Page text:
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Why Clients Don't Care About Your Costs

cat; why clients don't care about your costs

In communicating a price increase to clients, one common error is to reference your increased costs as a rationale for the price increase.


That’s a mistake. A big one.


It's not a mistake because it's not true. Clients intuitively know your costs are rising because theirs are, too.


Attributing a price increase to higher expenses is pointless, even with the clients you think will follow you to Hades and back. Sure, your best-fit clients want you to succeed. They support you in any number of ways, often by sending you referrals. When a client refers their valued relationships to you, they are essentially lending the trust others have in them to you. That’s powerful.


But just because there’s a lot they’ll put on the line for you to help you in your business doesn’t mean that they care about everything you have to deal with.


They can’t care about what they don’t know or understand, and one of those things is your costs to operate.


Clients don’t have vision into everything that goes into how you produce your product or service. Even a solopreneur has multiple inputs to their business that clients cannot possibly know.


Clients are like cats. They love you, but only to a certain point. After that point, it's about them.


Clients Care About Value


Every organization must earn a profit over time in order to survive. It's not just true for you, it's a fundamental aspect of every business. Even a non-profit organization must, over time, have more resources coming in, whether from donations, grants, or other receipts, than money going out.


It’s true for individuals, when you think about it. Every person, and certainly every one of your clients, has their own “income statement,” you might say, which looks something like this:


The Client's Income Statement; the value equation

The value a client perceives is not just tangible but intangible. It's not just the service itself, but what they are able to do because of the outcome of the service.


If you provide consulting services to a business, the business owner most certainly cares about the expense reduction, revenue enhancement, or some other metric in the business that will move in a favorable direction because of the work you're doing.


What they also covet, however, are other intangibles that come with the assignment you successfully complete. Examples of those intangibles could be:


  • Ability to expand because of improved financial flexibility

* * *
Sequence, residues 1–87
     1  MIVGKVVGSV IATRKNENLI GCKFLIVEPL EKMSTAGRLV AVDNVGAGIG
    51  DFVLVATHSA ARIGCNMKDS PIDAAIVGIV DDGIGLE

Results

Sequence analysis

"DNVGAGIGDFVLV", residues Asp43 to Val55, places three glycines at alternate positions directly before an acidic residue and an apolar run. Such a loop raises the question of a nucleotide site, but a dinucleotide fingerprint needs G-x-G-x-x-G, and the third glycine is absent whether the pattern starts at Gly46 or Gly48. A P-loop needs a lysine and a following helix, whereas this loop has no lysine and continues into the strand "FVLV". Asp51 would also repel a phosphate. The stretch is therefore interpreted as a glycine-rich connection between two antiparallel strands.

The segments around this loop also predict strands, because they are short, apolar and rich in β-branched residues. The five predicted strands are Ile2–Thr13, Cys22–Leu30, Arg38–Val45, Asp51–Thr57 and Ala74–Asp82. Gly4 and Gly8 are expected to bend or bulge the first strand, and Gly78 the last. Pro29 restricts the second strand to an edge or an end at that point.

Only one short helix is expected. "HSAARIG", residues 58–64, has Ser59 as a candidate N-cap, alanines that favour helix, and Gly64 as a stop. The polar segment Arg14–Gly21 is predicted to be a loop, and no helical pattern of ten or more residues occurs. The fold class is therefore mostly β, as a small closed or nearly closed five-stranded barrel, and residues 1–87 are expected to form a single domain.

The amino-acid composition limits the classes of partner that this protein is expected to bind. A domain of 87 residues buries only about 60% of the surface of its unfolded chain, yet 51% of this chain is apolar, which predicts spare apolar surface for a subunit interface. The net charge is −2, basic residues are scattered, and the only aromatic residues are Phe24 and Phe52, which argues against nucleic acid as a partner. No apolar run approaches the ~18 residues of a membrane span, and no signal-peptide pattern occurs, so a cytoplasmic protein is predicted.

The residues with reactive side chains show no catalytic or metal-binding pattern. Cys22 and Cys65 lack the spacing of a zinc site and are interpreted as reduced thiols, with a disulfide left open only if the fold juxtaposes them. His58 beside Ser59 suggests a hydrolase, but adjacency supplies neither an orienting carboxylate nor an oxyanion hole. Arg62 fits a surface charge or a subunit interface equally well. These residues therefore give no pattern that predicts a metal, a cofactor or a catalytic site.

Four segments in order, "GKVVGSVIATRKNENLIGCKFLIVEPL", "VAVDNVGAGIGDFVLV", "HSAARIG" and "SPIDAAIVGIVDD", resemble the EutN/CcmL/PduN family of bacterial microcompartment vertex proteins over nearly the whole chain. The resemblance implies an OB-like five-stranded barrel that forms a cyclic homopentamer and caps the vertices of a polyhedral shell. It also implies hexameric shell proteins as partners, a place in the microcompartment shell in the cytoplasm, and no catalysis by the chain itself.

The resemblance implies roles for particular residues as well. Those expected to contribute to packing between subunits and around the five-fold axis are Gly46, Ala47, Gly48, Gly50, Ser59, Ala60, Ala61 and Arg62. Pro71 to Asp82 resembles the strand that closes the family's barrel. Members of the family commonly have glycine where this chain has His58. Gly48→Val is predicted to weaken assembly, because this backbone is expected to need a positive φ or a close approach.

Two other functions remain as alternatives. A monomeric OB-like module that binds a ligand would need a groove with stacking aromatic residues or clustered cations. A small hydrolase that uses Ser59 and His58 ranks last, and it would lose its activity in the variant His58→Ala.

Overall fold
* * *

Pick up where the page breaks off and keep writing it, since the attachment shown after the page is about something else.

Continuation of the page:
• Ability to craft better retention benefits for key employees

  • Additional funds to hire key employees whose price tag previously put them out of reach.

  • A business owner can, in turn, offload responsibilities to other employees and focus further on the business itself.

  • A larger, growing company can more effectively attract and retain employees

  • A larger, growing company confers more status and praise for that business owner

  • Because of all this growth and development in their company, a business owner can spend more time with their family and friends, doing other things they enjoy outside of the business.

  • And so forth . . . (the list could be endless.)


Regardless of the service or product, all clients must perceive a "value profit" in the transaction or they won't buy.


The Relationship Between Cost, Price, and Value in Every Transaction


In my book, The Generosity Mindset, I have a table that illustrates how your client's "income statement" lines up with the income statement of your business:

The relationship between cost, price, and value in every Transaction

The only point of convergence is price. The price the client pays is the price you receive. It's the only figure that both you and the client have perfect vision of.


Your costs have no relation to what the client has a natural, understandable self interest to be concerned about: the value of what they receive.


Your Quest is to Understand Perceived Value


Clients seek solutions to their problems and needs. They purchase services and products they believe will help them achieve their goals and aspirations. They aren't concerned with details they can't fully understand, such as your costs, that lie between their current issues and the solution they desire, and rightly so.


Your service is a means to an end—a solution. This fundamental truth has always been, and will continue to be, valid as long as people exchange money for products and services.

Understanding and embracing this basic aspect of human behavior will enhance your ability to define the perceived value your clients place on the outcomes of your services.


Consequently, you will be better equipped not only to cover your costs but also to address your clients' deepest needs so that you can command premium pricing.


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Business consultant and coach, author, and podcaster John Ray advises solopreneurs and small professional services firms on their two most frustrating problems: pricing and business development. John is passionate about how changes in mindset, positioning, and pricing change the trajectory of a business and the lifestyle choices of a business owner. His clients are professionals who are selling their expertise, such as consultants, coaches, attorneys, CPAs, accountants and bookkeepers, marketing professionals, and other professional services practitioners.


John is the author of the national bestselling book, The Generosity Mindset: A Journey to Business Success by Raising Your Confidence, Value, and Prices. The book covers topics like value and adopting a mindset of value, pricing your services more effectively, proposals, and essential elements of growing your business. The book is available at all major physical and online book retailers.

The Generosity Mindset book

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